Warehouse 1-10 Contemporary Art and Performance Space in Magdalena, New Mexico will present HISTORY / HER STORY in collaboration with David Richard Gallery of Santa Fe, New Mexico.
Curated by David Eichholtz and Howard Rutkowski, this exhibition was created in celebration of the 20th anniversary of the New Mexico Committee of The National Museum of Women in The Arts. Related events emphasize the power of photography as an art form.
David Eichholtz and Howard Rutkowski undertook a wide search of women photographers from New Mexico before selecting six photographers to highlight. They include Abbey Hepner, Jessamyn Lovell, Delilah Montoya, Cara Romero, Kali Spitzer and Laurie Tümer.
The artists selected for the exhibition all have strong statements to make about their lives and the issues influencing them. The title of the exhibition, HISTORY / HER STORY, pays homage to the fact that each artist’s perspectives are shaped by life experiences, ethnicity and the surrounding environment.
Hepner, who did relief work in Japan after the Fukushima disaster of 2011, uses her art to interject some resolution between the nuclear and fossil-fuel industries and our environment. Lovell investigates, literally, the impact of her own identity theft in the manner of a P.I. straight out of a mid-20th century Hollywood movie; in a Hitchcockian maneuver, she evolves the prey into the hunter. Montoya is an icon of Chicana, nuevaméjicana, and feminist identity, a direct descendent on her mother’s side of New Mexico’s early Spanish settlers; her photographic oeuvre has always been grounded in identity politics. For this exhibition, Montoya chose to include images from her Casta series, inspired by a colonial-Mexico genre of paintings that depict a social hierarchy based on race and ethnicity.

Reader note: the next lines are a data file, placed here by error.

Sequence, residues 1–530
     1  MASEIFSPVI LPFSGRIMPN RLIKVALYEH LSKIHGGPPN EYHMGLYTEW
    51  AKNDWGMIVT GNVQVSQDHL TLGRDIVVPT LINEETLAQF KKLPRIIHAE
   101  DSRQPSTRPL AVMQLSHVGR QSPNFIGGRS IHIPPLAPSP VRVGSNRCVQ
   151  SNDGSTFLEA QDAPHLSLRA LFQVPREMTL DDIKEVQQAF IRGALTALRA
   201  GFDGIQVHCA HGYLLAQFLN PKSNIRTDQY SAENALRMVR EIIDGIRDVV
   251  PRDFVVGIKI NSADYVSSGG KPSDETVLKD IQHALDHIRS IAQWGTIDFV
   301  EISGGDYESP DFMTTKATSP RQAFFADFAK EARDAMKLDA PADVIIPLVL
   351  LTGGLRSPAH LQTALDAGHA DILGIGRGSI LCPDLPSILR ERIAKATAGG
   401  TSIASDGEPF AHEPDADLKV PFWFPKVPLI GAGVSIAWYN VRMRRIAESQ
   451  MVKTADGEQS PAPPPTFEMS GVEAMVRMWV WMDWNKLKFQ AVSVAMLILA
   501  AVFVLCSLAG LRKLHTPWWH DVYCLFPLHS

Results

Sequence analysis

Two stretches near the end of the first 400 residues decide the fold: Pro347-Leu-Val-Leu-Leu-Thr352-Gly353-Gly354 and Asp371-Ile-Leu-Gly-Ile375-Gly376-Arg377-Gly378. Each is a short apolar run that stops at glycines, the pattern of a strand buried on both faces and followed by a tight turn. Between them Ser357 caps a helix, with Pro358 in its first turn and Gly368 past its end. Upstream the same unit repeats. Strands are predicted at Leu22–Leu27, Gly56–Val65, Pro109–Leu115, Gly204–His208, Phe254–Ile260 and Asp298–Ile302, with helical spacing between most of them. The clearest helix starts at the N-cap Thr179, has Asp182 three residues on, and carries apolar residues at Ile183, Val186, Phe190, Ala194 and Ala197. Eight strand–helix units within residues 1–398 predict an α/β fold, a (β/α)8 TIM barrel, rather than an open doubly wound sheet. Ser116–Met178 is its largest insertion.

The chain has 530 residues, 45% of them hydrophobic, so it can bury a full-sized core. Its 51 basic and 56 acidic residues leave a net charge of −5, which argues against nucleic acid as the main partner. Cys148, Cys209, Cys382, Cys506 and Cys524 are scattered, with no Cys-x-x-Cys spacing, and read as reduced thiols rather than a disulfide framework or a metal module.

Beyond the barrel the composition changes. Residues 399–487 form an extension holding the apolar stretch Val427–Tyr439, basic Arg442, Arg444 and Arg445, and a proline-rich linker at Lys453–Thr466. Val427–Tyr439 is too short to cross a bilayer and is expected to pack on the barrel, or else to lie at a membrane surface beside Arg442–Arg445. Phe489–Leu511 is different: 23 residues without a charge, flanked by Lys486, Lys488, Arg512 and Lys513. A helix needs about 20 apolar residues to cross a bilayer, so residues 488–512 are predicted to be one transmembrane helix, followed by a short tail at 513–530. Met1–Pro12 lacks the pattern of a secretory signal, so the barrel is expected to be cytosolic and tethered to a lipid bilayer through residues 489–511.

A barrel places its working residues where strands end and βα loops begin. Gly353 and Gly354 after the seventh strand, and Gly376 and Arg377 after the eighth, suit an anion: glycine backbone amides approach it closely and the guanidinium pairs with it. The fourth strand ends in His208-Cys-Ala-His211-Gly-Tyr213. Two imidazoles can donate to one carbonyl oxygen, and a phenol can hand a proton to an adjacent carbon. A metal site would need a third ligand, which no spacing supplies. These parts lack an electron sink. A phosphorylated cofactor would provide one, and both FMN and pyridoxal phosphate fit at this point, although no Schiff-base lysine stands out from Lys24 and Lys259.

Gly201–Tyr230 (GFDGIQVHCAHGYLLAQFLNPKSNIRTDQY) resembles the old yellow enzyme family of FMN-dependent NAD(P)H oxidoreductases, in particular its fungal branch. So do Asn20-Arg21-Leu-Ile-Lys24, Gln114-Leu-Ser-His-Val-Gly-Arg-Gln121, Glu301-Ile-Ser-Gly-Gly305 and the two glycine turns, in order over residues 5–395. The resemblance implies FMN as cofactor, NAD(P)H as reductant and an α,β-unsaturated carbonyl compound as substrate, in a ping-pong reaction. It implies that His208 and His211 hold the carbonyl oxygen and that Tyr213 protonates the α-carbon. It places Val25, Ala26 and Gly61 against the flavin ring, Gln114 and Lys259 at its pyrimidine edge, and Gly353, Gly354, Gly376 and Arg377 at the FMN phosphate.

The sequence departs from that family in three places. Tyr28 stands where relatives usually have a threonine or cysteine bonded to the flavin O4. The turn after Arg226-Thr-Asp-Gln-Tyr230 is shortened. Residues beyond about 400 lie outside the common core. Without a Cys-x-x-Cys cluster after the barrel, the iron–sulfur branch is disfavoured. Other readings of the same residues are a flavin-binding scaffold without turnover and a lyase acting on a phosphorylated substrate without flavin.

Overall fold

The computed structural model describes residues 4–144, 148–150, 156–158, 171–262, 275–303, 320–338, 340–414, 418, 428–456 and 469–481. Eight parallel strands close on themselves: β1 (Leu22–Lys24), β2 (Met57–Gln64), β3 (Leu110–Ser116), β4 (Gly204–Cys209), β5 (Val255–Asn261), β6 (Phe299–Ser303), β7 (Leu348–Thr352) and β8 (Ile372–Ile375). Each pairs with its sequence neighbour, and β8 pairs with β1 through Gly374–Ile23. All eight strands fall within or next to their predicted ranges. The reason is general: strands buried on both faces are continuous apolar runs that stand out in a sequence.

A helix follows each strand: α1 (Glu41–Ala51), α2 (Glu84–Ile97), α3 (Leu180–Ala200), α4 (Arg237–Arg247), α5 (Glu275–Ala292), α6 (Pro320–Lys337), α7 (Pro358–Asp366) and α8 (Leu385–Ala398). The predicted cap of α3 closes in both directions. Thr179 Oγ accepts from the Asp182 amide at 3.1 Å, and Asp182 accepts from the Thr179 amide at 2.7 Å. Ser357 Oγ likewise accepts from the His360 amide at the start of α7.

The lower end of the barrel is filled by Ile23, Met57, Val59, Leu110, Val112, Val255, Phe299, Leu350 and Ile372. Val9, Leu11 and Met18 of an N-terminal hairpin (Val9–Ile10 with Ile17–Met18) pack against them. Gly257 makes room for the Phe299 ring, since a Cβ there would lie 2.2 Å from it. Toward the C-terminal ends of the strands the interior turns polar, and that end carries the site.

Romero creates narratives out of her portraits of Native women, from the viewpoint of her culture’s belief that women are supernaturally powerful because of their ability to bring forth life. Spitzer, originally from British Columbia, seeks to challenge stereotypical beliefs about Native identity in an historical context, using the ancient tintype process to present women who may or may not be of indigenous descent. Finally, Tümer explores our often intimate—whether we like it or not—relationships with toxic elements in nature, such as pesticides, creating a kind of addendum to Rachel Carson’s book cum manifesto, Silent Spring (1962).
D.I.Y P.I. CLINIC by JESSAMYN LOVELL @ Warehouse 1-10
Saturday September 23, 2017: noon to 3 p.m.
Warehouse 1-10, 110 North Main Street, Magdalena, NM
Contact: Catherine DeMaria 575-854-3253
JESSAMYN LOVELL’S work integrates photography, video, performance, and social surveillance as a vehicle to document her life experiences and the lived experiences of other people. Lovell says her work “traces my examinations of narrative to question where truth and fiction meet.”
The Clinic will be hosted at Warehouse 1-10 Saturday September 23, 2017 from noon to 3 p.m. This event is sponsored by CHROMA a New Mexico Non-Profit and is free and open to the public. Reservations are not required. For more information call 575-854-3253
GRAB A HUNK OF LIGHTNING
Warehouse 1-10 will present the film Grab a Hunk of Lightning, a film about the life of renowned documentary photographer Dorothea Lange through the eyes of her granddaughter, award-winning cinematographer and film director Dyanna Taylor.
Explore, through her granddaughter’s eyes, the life story of Dorothea Lange, the photographer who captured the iconic image “Migrant Mother.” Never-seen-before photos, film footage, interviews, family memories, and journals reveal the artist who challenged America to know itself.
Reception & screening, presentation
Q & A with the film’s director Dyanna Taylor
Saturday October 14, 2017
Promptly 5 p.m.
110 North Main Street
Suggested donation $10
Seating is limited
Reservations required. Call 575-854-3253
Contact: Catherine DeMaria